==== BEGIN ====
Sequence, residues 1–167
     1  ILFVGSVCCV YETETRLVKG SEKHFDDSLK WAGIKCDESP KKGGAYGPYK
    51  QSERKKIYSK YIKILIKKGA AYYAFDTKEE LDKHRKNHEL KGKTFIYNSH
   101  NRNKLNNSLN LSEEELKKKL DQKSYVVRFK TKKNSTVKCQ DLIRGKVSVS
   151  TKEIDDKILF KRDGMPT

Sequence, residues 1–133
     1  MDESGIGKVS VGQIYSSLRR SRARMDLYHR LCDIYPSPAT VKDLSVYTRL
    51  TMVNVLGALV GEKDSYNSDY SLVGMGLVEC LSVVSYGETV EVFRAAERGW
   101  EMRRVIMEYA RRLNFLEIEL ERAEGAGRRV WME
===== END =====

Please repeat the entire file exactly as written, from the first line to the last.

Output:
Sequence, residues 1–167
     1  ILFVGSVCCV YETETRLVKG SEKHFDDSLK WAGIKCDESP KKGGAYGPYK
    51  QSERKKIYSK YIKILIKKGA AYYAFDTKEE LDKHRKNHEL KGKTFIYNSH
   101  NRNKLNNSLN LSEEELKKKL DQKSYVVRFK TKKNSTVKCQ DLIRGKVSVS
   151  TKEIDDKILF KRDGMPT

Sequence, residues 1–133
     1  MDESGIGKVS VGQIYSSLRR SRARMDLYHR LCDIYPSPAT VKDLSVYTRL
    51  TMVNVLGALV GEKDSYNSDY SLVGMGLVEC LSVVSYGETV EVFRAAERGW
   101  EMRRVIMEYA RRLNFLEIEL ERAEGAGRRV WME